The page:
And (need I add?) the Catholic Church provides more medical facilities, educational establishments and personel in the poorer parts of the world than any other organisation.
Savanarola - please enlighten us all as to how we get real?
Trisagion said…
Savonarola, Since 1967 we have allowed Nearly 8 million babies to be killed in the womb. Our NHS has adopted a widespread use of the Liverpool Care Pathway and DNR mandates, whilst removing ANHR for those in so-called vegetative states. We have created so deep a contraceptive mentality that more than a third of women have so come to see children as such an inconvenience that they will never be mothers. Counterculture of death sounds pretty accurate to me.
Savonarola said…
Parate Viam Domini, get real means be aware of the reality of things. Nobody would deny that Western societies face huge problems of many kinds, not least the terrible continual increase in numbers of abortions. But it is unreal not to acknowledge that such societies in their care of people and their lives are on the whole much better than many others and previous ages, especially ages when the Christian religion was part of the ruling establishment and dominant ideology (the 18th century say or the Victorian era), when most of the social problems we face today were much worse, when poverty, malnutrition, deprivation of all the good things of life, lack of education and health care were the norm for all but the rich few and when the churches upheld this status quo. Protecting life is not just about the unborn or elderly terminally ill. If Catholics are serious about building the kingdom, rather than just keeping their own souls pure, they need to engage with the world as it is, recognise what is good and get alongside people in the needs and the dilemmas of their lives. A great deal is done by the churches in this way, of course, but silly rhetoric about a culture of death does not help, as if the Church has got everything right and can be a model of moral rectitude to the world (try telling that to the victims of abusing priests). A stiff dose of reality and humility about itself is what is needed.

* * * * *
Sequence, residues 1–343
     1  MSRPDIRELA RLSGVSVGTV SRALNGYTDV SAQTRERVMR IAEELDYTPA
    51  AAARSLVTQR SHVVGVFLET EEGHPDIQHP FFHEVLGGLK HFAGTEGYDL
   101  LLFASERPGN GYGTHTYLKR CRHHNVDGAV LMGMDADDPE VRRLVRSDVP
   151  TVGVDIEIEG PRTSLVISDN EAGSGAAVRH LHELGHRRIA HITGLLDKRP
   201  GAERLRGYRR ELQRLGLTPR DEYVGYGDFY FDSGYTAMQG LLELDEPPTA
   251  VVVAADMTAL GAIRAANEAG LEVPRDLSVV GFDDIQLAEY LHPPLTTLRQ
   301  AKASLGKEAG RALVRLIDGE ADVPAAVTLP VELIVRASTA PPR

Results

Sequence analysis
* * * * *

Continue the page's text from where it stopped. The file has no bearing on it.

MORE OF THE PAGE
Veritas said…
Some time ago, it was proposed that when anyone compared his/her political or ideological opponents to Adolf Hitler they had automatically lost the argument.

I think the same applies to anyone wishing to argue against the teachings of the Catholic Church - but with a difference.

You can automatically tell when someone has run out of rational arguments, they raise the spectre of "abusing priests" - as if this is some sort of knockdown argument.

I'm sure it is - but only for pub bores.